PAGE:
We also collaborated with members on the group format. We devoted the first 40 minutes to homework review, had a 10-minute break, and then discussed new material for the last 40 minutes. The manual’s sessions were roughly the same, just with longer time slots. The breaks were essential, and I highly recommend them, especially for teens. They allowed individual’s to relax and recharge with snacks, and to socialize. In fact, this is where we saw member’s truly start to connect and feel comfortable with each other.

Lastly, something that everyone agreed was beneficial was our “splitting” format. Specifically, guardians and teens were split-up for the 40-minute homework review and brought back together for the break and new skills portions. This allowed individual’s to be more open and to discuss unique challenges they may be facing. While we initially talked about switching up co-facilitators each week we ended up keep them static — one always being with the guardians and the other with the teens. This seemed to help rapport and comfort build more quickly, which was very helpful with our truncated timeline.

Without openly discussing and working with our members we would have put a much bigger burden on them, and therefore us as well. Group attendance and engagement would have been down and in the end the group might have dissolved. By being transparent about our needs as co-facilitators and attending to their needs we not only kept the group alive but fostered rapport and respect.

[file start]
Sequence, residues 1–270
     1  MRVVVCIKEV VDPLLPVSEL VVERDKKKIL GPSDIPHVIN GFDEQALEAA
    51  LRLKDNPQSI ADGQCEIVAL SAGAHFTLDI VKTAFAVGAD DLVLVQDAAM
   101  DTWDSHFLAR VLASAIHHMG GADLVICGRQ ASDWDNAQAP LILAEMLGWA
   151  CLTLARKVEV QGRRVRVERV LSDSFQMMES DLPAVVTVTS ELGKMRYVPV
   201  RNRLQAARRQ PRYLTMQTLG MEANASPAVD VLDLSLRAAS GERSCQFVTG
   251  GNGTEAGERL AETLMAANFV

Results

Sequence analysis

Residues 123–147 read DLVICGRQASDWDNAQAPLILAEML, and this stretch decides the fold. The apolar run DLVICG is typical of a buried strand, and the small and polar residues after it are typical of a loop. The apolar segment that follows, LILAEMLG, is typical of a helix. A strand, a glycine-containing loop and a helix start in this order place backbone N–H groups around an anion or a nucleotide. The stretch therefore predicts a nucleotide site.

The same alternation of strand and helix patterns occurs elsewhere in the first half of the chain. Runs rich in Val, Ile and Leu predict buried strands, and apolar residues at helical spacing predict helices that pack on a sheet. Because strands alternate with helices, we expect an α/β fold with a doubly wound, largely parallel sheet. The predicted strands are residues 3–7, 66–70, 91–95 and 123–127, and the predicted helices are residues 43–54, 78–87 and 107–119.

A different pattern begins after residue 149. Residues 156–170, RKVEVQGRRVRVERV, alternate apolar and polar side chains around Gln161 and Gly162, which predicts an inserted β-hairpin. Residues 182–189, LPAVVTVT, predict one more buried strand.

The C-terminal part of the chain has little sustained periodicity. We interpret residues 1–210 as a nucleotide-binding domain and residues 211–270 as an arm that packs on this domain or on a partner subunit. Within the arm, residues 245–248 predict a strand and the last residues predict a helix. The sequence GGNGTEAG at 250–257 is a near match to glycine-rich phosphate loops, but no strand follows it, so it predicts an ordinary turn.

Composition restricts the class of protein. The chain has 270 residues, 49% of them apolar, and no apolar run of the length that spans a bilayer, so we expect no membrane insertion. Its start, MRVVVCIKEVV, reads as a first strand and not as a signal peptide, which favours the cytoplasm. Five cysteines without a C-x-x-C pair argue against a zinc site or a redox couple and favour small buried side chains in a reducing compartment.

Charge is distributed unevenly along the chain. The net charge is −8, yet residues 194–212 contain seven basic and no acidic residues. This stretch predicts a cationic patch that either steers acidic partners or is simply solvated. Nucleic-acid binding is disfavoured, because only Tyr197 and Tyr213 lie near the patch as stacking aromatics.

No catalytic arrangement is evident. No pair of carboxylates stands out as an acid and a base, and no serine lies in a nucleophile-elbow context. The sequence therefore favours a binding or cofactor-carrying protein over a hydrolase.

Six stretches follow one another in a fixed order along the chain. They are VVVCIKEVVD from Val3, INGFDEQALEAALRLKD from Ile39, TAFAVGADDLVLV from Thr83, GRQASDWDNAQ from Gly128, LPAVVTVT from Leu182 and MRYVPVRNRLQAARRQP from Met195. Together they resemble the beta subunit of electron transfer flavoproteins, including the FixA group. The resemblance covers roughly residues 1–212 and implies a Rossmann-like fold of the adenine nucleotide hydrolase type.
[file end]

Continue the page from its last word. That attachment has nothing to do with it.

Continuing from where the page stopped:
There is a ton of information — give them a helping hand! Lastly, DBT is overwhelming. There are a ton of skills, many of them can be challenging, and integrating skills together can be extremely hard to envision or do. While members are all asked to practice outside of group, and there is typically accountability for this (e.g., diary cards, homework review), practicing in session is key. Once you are able to, engage in skits and role-plays. Yes, they can be scary, but they are completely worth overcoming any fear. This is where you get to really see people work with the skills and demonstrate understanding. It also allows practice and provides an opportunity for individual’s to learn from each other. In addition to these live action practice sessions I recommend providing individuals with a “DBT skills cheat-sheet”. Learning and using the DBT skills is a life long pursuit and having a quick reference guide is extremely helpful. The one linked above is based on the manual we used and contains only the skills we discussed, feel free to riff of it as needed.

Well, thats it! Thanks for reading and please feel free to comment,share the post widely, or completely forget about everything you just read. I’m hoping to have something to post each month…we will see how that goes…

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Originally published at on June 6, 2015.